Antisemitic messaging has now forced one prestigious Ivy League school to get federal authorities involved.
Cornell University said it has informed the FBI about harmful messages posted to an online message board that threatened violence against Jewish Students. University officials said the anonymous messages included threats to specific locations, including a Center for Jewish Living.
"Threats of violence are absolutely intolerable, and we will work to ensure that the person or people who posted them are punished to the full extent of the law," Cornell President Martha E. Pollack said in a statement. "Our immediate focus is on keeping the community safe; we will continue to prioritize that."
University officials said campus police are investigating the issue and will continue to remain on-site to ensure students and staff are safe.
New York Gov. Kathy Hochul visited the university Monday, pledging that authorities are working tirelessly to identify who's responsible and hold them accountable.
“No one should be afraid to walk from their dorm or their dining hall to a classroom,” she said. “When speech crosses over into hate speech and into hate crimes, that’s when we have to make sure that students know that we’ll step up and protect them.”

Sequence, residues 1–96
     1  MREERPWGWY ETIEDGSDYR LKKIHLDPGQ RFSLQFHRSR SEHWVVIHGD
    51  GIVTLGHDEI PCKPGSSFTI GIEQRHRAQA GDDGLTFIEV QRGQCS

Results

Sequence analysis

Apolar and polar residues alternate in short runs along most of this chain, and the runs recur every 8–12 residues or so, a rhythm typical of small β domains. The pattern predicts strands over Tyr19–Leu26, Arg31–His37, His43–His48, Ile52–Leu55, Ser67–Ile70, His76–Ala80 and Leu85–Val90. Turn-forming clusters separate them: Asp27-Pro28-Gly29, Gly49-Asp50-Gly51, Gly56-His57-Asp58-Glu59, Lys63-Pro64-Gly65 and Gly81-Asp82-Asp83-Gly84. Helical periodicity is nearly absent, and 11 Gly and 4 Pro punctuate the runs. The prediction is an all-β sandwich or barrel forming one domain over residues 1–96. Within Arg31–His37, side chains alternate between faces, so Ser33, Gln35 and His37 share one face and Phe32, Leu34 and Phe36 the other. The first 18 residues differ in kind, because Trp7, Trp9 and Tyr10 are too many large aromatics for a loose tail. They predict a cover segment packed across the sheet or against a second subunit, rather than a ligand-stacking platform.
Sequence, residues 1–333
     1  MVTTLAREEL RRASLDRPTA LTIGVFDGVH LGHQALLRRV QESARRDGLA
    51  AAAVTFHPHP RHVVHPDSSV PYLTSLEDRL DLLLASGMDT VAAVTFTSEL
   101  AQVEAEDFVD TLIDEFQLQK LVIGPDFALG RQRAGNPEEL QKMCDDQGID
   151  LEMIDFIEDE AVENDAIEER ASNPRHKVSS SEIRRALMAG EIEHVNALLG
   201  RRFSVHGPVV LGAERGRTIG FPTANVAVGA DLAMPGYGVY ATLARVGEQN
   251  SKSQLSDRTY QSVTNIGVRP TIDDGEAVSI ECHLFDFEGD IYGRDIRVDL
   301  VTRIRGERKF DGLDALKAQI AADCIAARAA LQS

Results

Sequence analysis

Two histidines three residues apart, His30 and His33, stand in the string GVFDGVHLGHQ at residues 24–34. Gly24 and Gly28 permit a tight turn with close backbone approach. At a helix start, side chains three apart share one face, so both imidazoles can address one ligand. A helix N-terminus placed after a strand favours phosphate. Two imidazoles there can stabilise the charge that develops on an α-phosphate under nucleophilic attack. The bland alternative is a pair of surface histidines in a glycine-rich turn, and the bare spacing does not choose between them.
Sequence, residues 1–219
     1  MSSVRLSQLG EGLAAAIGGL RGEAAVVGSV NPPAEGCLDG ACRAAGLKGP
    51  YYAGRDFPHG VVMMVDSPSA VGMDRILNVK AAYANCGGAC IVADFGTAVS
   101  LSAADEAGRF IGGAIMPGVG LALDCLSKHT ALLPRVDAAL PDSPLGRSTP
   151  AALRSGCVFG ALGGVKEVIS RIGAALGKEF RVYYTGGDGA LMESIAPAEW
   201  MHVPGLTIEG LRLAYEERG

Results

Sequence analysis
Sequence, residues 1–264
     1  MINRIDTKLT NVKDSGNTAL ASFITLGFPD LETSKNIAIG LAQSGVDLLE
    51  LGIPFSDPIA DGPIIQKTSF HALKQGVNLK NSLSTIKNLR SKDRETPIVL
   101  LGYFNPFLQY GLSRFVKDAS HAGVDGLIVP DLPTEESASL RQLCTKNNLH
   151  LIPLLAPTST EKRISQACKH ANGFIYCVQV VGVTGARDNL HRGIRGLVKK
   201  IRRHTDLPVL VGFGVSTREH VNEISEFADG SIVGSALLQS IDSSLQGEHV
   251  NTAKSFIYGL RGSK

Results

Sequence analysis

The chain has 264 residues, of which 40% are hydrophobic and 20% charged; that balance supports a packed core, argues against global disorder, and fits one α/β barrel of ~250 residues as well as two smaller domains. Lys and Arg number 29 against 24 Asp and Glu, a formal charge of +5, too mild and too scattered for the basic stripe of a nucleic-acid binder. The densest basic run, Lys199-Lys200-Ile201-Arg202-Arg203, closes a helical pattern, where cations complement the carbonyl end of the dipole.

As war between Israel and Hamas continues to rage on in the Middle East, colleges and universities across the United States have been thrust into the chaos. Many are dealing with increasing pressure to respond to the crisis, while at the same time balancing free speech rights of students on campus.
Charles Henebry studies social movements at Boston University. He explained why the ongoing conflict in the Middle East can be so challenging to navigate.
"[The issue is] a tricky one," Henebry said. "Because we don't have a model to fall back on. You have student groups strongly on both sides of the issue, you have donors, you have faculty."
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